Know Your Energy Costs

Fossil fuels play an important role in allowing us to have lifestyles we’re accustomed to, but they do emit carbon dioxide, and we all want to be good stewards of our resources. The goal of this activity is to become aware of how much energy you use at school — and the financial and environmental costs.

Land and People: Finding a Balance

This environmental study project allows a group of students to consider real environmental dilemmas concerning water use and provide solutions to these dilemmas.


When it comes to slipping, sliding, and stability in soils, the key word is “liquefaction.”

During an event like an earthquake, liquefaction is the process by which saturated soil behaves like a liquid. This can be problematic, as a liquid soil loses structure and can cause buildings to sink, foundations to crack, and soil to slide down slopes all at once.

How does the type of soil affect how much a house will sink or shift during an earthquake? Conduct an experiment to test your ideas!

Logs of Straw - Dendrocronology

Dendrochronologists use tree rings to go back in time to learn more about past climate. Using straws to recreate tree rings, you can learn how dendrochronologists work.

Magnets at the Core

Learn about the Earth's magnetic poles and paleomagnetism in this activity from Consortium for Ocean Leadership.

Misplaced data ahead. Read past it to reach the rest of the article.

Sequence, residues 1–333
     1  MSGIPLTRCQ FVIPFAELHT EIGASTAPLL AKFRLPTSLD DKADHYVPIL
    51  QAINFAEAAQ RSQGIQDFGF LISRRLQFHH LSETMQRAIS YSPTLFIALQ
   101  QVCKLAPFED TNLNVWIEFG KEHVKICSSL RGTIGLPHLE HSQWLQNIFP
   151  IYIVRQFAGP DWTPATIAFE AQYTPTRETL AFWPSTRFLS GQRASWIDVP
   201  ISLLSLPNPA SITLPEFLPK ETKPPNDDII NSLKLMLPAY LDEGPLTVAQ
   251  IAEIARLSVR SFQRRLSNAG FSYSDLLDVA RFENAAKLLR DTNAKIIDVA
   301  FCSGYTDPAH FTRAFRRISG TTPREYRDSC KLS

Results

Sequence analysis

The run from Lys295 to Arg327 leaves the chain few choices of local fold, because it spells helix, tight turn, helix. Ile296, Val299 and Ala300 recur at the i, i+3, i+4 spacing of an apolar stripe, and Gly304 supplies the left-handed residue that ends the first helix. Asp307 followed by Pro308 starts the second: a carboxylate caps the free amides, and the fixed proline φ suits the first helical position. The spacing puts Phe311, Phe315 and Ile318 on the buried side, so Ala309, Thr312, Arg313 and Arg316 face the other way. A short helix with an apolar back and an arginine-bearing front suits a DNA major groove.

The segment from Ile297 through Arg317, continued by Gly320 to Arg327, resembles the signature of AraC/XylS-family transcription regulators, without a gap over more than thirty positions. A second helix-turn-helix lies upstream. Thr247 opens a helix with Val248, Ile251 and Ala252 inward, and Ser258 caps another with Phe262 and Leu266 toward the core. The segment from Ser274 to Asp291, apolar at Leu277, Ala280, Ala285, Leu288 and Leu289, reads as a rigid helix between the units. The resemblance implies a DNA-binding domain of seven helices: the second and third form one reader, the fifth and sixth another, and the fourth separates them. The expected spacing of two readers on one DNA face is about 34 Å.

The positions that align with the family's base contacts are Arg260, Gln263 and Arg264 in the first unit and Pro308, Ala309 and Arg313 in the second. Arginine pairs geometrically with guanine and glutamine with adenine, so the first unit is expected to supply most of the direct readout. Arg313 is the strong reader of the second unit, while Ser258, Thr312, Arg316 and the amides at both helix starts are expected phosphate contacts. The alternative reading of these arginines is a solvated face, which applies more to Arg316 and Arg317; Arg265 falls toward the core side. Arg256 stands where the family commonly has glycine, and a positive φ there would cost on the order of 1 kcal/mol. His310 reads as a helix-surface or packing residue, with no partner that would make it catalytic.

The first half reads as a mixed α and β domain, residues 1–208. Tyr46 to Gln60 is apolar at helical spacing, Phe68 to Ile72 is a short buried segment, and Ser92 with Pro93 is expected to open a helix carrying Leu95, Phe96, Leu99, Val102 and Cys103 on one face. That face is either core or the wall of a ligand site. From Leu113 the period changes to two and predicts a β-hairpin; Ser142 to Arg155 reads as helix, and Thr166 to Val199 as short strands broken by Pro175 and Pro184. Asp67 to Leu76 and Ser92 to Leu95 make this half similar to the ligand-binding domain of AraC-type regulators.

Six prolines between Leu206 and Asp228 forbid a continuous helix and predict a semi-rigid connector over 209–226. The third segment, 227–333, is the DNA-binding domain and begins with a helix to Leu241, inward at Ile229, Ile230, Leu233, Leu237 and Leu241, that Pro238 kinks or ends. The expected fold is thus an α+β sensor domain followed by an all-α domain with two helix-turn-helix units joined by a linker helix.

Make Your Own Powers of Ten

Make your own Powers of Ten film like the classic science education movie by Charles and Ray Eames!

Making a Cave

We usually think of caves forming as rocks are dissolved and the particles are washed away, leaving hollow spaces behind. This activity simulates the way that dissolution, a chemical weathering process, leads to the formation of caves.

Making Visible the Path of the Sun

The sun rises in the east and sets in the west. This we know from personal observation. But have you ever thought about where the sun is in the sky at the same time each day?

You might think the sun would appear at the same place at the same time each day. This would be true if Earth had no tilt and its orbit were a perfect circle. But this is not the case.

Mapping a Refuge

A refuge is a place where you can record observations of seasonal changes to plants, trees, and wildlife. You can use GPS (global positioning system) data to mark an observation spot and record your observations. Then, if you can, visit the same national wildlife refuge during other seasons in the year to document changes in the natural world.

Mapping Quake Risk

Today, people are “mapping our world” with the aid of Geographic Information Systems (GIS) technology. Mapping can be done in the field or the lab—even from smartphones. You can make maps with real-time data about wildfires, tsunamis, and tornadoes. You can make maps with imagery collected with visible light, infrared, and radar data.


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